News PRP at 60: Q&A with our Senior Partners

PRP at 60: Q&A with our Senior Partners


February 23, 2023

Q: How has PRP’s approach to design evolved since the practice’s conception 60 years ago, and how do you see it changing in the next 60 years?

Brendan: The ethos and values of our founding partners centred around putting the end user at the heart of every design decision; that has very much remained core to PRP. However, the ways in which we implement that ethos has evolved quite drastically. There are a lot of new and emerging factors to be considered that simply weren’t in the picture back then. For example, in the 1960s and 1970s hardly any community consultation took place; nowhere near as much as PRP does today.

Manisha: When the practice was first set up, the focus was very much on housing in London and the South East – but in the 1990s, that changed quickly. PRP expanded internationally and the team grew rapidly. At the time, this seemed to represent success; it was what a lot of the big names in architecture at the time were doing. However, it didn’t feel right. The UK housing market was facing huge challenges and we wanted to focus on addressing these.

Brendan: It was clear that the work we could do to make a difference was here. We wanted to bring PRP’s design ethos back to housing and people-centred design, rather than emulating the strategy of practices that don’t necessarily share our values. In many ways, we’ve come full circle.

Manisha: More recently, the pandemic has drastically changed how we think about our homes. It highlighted the importance that design considers the ways we live our day-to-day lives on a practical level. PRP has been practicing this long before Covid-19. Consequently, the multigenerational housing typology we developed for Chobham Manor turned out to be ideal for pandemic living - its compartmentalised spaces were perfect for family members who needed to isolate. The ability to rent these spaces out for additional income has also proved popular since the cost-of-living crisis has worsened.

Brendan: In the next 60 years, I see us taking on bigger projects in terms of placemaking, masterplanning and town centre planning, as well as continuing to develop in new areas like film studio design. Our specialism in designing homes for later living will also form a big part of our workload in the future, given the western world’s ageing populations. Internationally, we will always export our expertise where appropriate – especially in terms of thought leadership. We’ll grow, but our people-oriented, context-driven and sustainability-led design approach will remain.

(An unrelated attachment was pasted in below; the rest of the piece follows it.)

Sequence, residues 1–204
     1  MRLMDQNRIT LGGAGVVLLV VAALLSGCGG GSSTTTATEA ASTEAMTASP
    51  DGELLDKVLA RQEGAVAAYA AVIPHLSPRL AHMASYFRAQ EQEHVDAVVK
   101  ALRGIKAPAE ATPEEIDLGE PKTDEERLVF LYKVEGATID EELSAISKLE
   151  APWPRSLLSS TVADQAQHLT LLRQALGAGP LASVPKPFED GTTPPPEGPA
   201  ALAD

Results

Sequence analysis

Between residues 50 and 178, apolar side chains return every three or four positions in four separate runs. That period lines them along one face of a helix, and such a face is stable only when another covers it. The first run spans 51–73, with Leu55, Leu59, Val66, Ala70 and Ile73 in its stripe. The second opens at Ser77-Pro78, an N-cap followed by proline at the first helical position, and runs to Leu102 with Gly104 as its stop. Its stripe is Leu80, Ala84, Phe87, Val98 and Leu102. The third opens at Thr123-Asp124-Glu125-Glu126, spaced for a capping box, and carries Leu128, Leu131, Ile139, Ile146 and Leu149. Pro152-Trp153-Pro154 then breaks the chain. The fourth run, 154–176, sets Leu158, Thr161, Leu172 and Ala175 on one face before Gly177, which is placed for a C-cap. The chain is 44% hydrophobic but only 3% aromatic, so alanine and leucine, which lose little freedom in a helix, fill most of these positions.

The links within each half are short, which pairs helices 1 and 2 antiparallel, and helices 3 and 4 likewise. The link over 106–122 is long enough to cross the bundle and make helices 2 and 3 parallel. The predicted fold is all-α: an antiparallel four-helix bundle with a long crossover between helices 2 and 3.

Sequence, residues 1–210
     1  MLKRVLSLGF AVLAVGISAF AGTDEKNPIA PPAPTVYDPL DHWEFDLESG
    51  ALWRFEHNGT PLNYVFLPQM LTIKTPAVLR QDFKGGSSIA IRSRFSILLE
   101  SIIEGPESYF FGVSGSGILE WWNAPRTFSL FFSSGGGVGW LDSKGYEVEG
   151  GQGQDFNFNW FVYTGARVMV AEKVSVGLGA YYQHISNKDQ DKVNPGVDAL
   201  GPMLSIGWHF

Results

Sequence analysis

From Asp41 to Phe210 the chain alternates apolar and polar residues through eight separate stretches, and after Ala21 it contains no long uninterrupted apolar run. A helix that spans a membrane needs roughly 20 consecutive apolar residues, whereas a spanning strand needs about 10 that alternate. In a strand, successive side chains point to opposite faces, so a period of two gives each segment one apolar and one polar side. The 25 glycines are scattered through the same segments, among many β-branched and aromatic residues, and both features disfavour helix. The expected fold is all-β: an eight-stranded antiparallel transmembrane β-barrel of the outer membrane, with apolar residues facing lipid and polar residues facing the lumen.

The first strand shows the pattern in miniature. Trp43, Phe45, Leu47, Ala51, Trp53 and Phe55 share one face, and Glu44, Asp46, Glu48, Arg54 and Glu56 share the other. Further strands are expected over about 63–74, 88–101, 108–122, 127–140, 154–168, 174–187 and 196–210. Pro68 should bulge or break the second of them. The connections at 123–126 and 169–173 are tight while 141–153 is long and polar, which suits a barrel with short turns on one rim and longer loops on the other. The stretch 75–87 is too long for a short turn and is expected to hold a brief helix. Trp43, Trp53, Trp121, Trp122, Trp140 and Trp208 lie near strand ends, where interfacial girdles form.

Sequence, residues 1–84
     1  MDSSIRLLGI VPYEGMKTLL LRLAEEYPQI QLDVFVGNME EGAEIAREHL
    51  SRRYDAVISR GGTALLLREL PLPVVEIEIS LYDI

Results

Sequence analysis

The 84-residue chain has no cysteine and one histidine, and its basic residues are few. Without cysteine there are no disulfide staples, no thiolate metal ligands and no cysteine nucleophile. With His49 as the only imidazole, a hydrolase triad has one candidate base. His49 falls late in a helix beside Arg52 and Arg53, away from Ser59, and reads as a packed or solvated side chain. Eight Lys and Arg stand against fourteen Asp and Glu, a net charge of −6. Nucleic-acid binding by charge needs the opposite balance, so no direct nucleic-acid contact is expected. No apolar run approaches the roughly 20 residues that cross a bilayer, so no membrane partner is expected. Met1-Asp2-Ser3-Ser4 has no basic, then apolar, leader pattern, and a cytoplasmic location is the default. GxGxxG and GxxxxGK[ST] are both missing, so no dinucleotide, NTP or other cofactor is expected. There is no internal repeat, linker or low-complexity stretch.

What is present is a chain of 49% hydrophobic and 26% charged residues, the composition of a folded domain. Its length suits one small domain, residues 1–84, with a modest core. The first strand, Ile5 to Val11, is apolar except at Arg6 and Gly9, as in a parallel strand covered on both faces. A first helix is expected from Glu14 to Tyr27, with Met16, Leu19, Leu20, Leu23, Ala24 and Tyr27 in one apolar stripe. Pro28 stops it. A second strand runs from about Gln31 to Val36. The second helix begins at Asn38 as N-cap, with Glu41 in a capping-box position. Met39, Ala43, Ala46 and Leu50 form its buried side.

Q2: Together, you have worked at PRP for nearly 60 years in total – what is the biggest change that you’ve seen in that time, other than the evolution of our design approach?

Manisha: We’ve seen huge progress in how the practice embraces different cultures, flexible ways of working and diversity at senior levels.

Brendan: Manisha and I have always been very invested in both diversity and inclusion. We’re actually a bit competitive about how much progress we can make: we go out of our way to find people from groups that may have never been exposed to architecture. Whilst this is part of PRP’s legacy as a whole, we’ve definitely taken it to a new level.

Manisha: I do think we’ve broken down hierarchies…as soon as Brendan and I joined the board, we felt they didn’t exist. In fact, we broke them down quite literally, by knocking down the glass walls housing the office that used to be occupied by PRP’s senior management.

Brendan: It felt important – a symbolic gesture to end any feeling of ‘them and us’.

Q3: How do you plan to further enhance the diversity of PRP’s workforce?

Manisha: One of the key things we’d like to improve is access to architecture as a profession, particularly for people from deprived backgrounds. Five years of education is a huge financial barrier, so we are planning to get much more involved in apprenticeship schemes and school outreach work.

Brendan: We are also actively working to improve diversity at management level. Whilst PRP is a comparatively diverse practice, we are totally aware that this diversity currently decreases as seniority levels increase.

Manisha: This can be hard to plan, but we’re not just paying lip service. If we promote someone, it’s because they deserve it. We aren’t here to fill a quota; we’re here to reflect London and the mix of the UK population in general.

Brendan: Unfortunately, Brexit has harmed our ability to be diverse – it is more of a challenge to hire great candidates from across Europe. However, there is still a rich pool of diverse talent within the UK that we can draw from.  

Q4: What is the biggest challenge that architects are facing today?